Folk-Lore/Volume 31/The Six Simpletons and Other Stories
|←Folk-Lore in the Old Testament|| Folk-Lore, Volume XXXI (1920)
The Six Simpletons and Other Stories
by James Drummond Anderson
The Six Simpletons and Other Stories.
(Folk-lore, vol. xxxi. p. 77.)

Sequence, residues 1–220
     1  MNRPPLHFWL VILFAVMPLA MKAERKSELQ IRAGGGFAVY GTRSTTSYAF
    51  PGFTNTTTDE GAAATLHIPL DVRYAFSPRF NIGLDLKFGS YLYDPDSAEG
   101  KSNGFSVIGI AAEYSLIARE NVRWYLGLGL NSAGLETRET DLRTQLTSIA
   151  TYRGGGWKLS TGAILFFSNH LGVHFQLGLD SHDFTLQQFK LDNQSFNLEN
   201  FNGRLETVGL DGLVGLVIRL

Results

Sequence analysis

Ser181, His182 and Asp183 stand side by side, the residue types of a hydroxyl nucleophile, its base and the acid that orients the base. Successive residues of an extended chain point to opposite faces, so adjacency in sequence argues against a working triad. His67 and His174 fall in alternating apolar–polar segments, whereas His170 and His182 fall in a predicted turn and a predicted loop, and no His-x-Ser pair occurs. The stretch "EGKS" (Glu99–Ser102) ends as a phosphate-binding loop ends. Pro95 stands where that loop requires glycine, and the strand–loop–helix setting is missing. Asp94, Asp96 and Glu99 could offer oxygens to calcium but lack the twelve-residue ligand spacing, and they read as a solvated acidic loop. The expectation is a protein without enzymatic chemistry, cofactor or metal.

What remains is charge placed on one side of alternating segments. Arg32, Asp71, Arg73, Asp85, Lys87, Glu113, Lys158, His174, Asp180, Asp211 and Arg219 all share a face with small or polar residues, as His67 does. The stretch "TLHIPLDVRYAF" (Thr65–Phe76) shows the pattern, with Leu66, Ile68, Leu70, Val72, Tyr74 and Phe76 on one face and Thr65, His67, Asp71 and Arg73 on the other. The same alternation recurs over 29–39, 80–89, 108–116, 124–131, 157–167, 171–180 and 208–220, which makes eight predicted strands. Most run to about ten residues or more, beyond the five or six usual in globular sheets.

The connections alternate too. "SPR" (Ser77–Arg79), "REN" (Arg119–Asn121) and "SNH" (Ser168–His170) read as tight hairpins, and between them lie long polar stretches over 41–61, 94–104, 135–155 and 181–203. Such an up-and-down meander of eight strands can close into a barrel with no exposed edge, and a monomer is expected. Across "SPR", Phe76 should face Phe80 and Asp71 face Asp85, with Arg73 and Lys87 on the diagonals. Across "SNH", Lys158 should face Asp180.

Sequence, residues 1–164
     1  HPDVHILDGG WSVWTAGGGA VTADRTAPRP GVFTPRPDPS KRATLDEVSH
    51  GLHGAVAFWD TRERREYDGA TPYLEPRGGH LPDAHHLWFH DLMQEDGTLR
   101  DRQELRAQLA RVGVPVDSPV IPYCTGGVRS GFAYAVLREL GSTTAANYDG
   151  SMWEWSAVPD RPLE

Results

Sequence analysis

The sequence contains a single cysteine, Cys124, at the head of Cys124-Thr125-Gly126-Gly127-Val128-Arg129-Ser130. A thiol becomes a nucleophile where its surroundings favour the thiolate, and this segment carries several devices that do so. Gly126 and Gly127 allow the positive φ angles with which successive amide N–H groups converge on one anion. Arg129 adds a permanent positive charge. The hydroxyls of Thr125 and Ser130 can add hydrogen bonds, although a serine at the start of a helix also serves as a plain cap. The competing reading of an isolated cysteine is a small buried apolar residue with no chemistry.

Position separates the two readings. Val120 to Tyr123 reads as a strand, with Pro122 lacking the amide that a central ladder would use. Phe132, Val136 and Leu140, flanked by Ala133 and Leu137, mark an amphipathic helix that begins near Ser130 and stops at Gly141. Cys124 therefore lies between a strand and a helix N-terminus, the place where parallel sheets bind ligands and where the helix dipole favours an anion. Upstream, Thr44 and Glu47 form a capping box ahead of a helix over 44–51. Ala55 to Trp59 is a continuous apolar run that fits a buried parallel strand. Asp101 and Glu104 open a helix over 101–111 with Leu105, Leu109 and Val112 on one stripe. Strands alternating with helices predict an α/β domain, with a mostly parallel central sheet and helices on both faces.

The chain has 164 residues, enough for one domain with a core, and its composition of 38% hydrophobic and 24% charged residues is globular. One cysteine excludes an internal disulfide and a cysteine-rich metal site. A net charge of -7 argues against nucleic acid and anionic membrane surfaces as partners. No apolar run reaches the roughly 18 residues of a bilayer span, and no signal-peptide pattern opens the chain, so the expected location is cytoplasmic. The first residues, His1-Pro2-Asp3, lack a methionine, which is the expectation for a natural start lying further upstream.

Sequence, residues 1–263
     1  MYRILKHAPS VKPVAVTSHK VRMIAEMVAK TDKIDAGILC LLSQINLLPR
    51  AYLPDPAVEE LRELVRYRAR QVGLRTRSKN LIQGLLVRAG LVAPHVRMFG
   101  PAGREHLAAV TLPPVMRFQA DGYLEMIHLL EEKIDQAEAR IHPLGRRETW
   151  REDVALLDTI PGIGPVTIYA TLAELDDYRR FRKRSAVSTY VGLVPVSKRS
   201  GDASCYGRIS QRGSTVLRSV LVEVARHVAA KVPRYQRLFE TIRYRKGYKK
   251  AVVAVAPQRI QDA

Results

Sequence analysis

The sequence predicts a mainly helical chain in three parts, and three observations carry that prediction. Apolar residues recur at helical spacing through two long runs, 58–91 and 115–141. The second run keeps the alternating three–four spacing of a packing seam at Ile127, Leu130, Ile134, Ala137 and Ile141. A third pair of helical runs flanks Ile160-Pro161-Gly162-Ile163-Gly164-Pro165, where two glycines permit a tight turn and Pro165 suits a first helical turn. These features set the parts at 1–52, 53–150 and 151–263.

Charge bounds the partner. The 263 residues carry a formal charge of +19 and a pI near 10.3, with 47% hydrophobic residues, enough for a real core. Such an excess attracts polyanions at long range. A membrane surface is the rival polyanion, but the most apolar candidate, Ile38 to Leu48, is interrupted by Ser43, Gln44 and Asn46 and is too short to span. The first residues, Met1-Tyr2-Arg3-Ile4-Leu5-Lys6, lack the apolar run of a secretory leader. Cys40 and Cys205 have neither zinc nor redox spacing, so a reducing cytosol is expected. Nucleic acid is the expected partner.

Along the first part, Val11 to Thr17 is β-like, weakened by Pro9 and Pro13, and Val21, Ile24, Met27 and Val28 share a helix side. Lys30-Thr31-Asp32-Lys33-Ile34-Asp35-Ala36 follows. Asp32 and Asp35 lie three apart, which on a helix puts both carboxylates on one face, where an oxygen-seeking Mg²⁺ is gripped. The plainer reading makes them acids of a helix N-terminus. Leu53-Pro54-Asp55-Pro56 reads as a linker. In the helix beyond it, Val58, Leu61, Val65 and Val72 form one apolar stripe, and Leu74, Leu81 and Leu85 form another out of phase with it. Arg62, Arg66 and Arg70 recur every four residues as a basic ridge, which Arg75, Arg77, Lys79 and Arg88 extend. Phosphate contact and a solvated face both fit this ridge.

Sir George Grierson’s note on the travels of “The Prince that Didn’t Exist,” reminds me of another familiar tale found in regions far distant from one another. Miss Sītā Devī has recently published, in the Bengali language, a delightful little volume of folk-tales entitled Nireṭ Gurur Kahinī, composed chiefly of the misfortunes which befel a simpleton Brāhman called Nireṭ and his five disciples, as silly as himself, known by the significant names of Ākāṭ, Hābā, Hādā, Bokā and Ahmak. This legend Miss Sītā has borrowed from The Adventures of the Gooroo Noodle, by Benjamin Barrington, I.C.S., itself copied from the eighteenth century version of the Rev. P. Vesci, in the Tamil language, published under the title of Guru Para mārttan. Now it happens that about 1886 I was told this same story in the Boḍo or Kachārī language in Assam by a Kachārī friend of mine called Samson, with some variations. No doubt the story is found all over India, but that it should be common to Hindu Trichinopoli and to the non-Hindu Kachārī dwārs is surprising.